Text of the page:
The Influences of Hunger and Appetite
At this current time, social media allows people to have access to food recipes, influencers, food bloggers and food gurus, and experts at their fingertips, night, and day. How does one keep up and how does one know what is sound advice and what is not?
We have vegetarians, meat-eaters, vegans, Lacto-vegans, Lacto-vegetarians, pescatarians, paleo diets, vegetarians, clean eaters, and many more.
Are we eating right? According to who? What determines when we begin to eat and when to stop? Hunger is a powerful motivator and usually a good indicator of when to eat? But how do we know when we are hungry. Here in the western world where food is in abundance do, we really know what it is to be hungry or starving?
Different cultures will have different timings of when they eat, difference in portion sizes, a difference in how many meals they have a day (in some parts of Europe people can have up to five meals a day and in more impoverished countries they may only have one meal a day).
Are we eating to sustain ourselves or indulge and or even overindulge ourselves?
The sight and smell of food are cues that can induce people to eat or overeat. But they are not major determinants of eating even when these cues are eliminated people can still regulate their food intake.
Most of us believe that our stomachs will guide us to know if we are hungry, this maybe by contractions that we may experience noted as hunger when our stomachs are empty and when full we “should” be able to stop. But do we? People who have had cancers, resulting for their stomach to be removed, are still able to regulate their food intake, therefore, the question is is the stomach the indicator of when one feels hungry?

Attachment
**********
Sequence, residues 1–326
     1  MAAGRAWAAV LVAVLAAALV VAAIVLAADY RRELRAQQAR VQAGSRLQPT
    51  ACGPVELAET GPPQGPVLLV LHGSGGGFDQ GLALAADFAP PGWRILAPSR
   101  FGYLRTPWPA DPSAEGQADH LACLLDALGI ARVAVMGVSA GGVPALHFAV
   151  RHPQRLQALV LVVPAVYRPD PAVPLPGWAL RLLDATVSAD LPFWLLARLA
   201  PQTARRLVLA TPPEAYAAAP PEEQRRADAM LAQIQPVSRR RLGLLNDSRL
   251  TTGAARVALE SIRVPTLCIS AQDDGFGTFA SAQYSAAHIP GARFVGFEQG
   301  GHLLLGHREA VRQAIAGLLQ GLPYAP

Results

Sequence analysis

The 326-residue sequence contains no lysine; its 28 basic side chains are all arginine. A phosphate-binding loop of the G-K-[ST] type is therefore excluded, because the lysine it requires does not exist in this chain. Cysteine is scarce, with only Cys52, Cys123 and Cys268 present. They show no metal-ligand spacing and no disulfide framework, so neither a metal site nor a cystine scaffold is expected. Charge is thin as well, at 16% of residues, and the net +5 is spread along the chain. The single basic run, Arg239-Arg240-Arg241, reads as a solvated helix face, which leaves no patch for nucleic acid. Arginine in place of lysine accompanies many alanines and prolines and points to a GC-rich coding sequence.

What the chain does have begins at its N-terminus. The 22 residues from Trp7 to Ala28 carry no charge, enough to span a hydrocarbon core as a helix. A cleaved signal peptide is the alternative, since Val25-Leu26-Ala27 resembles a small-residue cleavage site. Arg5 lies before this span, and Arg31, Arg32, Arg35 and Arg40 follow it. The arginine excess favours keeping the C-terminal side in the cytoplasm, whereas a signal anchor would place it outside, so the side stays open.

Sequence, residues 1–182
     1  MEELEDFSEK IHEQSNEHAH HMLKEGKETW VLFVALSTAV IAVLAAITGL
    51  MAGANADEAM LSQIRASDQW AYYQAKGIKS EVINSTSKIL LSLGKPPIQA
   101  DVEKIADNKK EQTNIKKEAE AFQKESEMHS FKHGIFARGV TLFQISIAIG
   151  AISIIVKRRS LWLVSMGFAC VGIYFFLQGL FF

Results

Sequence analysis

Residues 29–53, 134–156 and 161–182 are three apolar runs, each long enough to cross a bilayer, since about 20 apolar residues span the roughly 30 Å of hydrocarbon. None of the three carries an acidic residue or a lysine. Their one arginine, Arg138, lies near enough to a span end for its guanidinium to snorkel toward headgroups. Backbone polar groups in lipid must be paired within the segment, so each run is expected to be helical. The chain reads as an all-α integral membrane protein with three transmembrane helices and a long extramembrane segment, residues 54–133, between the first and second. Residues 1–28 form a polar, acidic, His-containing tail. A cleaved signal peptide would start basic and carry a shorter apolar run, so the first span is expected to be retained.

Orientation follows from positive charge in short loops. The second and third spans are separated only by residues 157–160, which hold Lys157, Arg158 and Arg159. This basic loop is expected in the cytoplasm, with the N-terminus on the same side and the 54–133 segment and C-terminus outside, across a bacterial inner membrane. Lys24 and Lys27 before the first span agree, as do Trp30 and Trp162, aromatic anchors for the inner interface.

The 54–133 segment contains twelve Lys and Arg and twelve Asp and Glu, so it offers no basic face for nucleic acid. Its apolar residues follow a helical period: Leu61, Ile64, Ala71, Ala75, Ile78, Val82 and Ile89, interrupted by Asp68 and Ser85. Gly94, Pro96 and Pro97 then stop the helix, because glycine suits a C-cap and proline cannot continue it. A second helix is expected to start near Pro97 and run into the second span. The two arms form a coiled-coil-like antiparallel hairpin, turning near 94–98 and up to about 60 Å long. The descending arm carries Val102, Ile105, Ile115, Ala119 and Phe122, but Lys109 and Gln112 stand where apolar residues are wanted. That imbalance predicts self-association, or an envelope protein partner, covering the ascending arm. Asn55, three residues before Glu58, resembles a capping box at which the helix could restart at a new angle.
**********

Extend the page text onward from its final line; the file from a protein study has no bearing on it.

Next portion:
What then determines our eating, hunger, and appetite? Nutritional and physiological research suggests that there is a complex system that monitors the quantities of various nutrients (for example glucose and fats stored in our bodies. This system will motivate us to eat when our nutrient levels fall critically below these nutrient stores. This system is known as homeostatic i.e., self-regulating, and stable. As in animals, we can have stable body weights even when given an excessive amount of food. Animals are a lot more intuitive than humans and can stop when they have had enough.
However, a simple homeostatic model does not explain human eating behaviour. For this to be self-regulating or stable, several nutrient variables must be regulated. Numerable satiety sensors detecting that a sufficient volume of food has entered the system is also factored in.
Eating behaviour does not follow simple energy or nutrient regulation intelligence. When we walk down the street, we note people who are extremely obese or extremely thin, if our homeostatic gauge were the only measure of our hunger then we would all be a similar, stable size. Therefore, something else is going on. There is obviously a complex interplay between physical and emotional determinants of hunger and satiety. It is essential to understand both.
If you have an eating disorder, book a consultation and see how I can help you.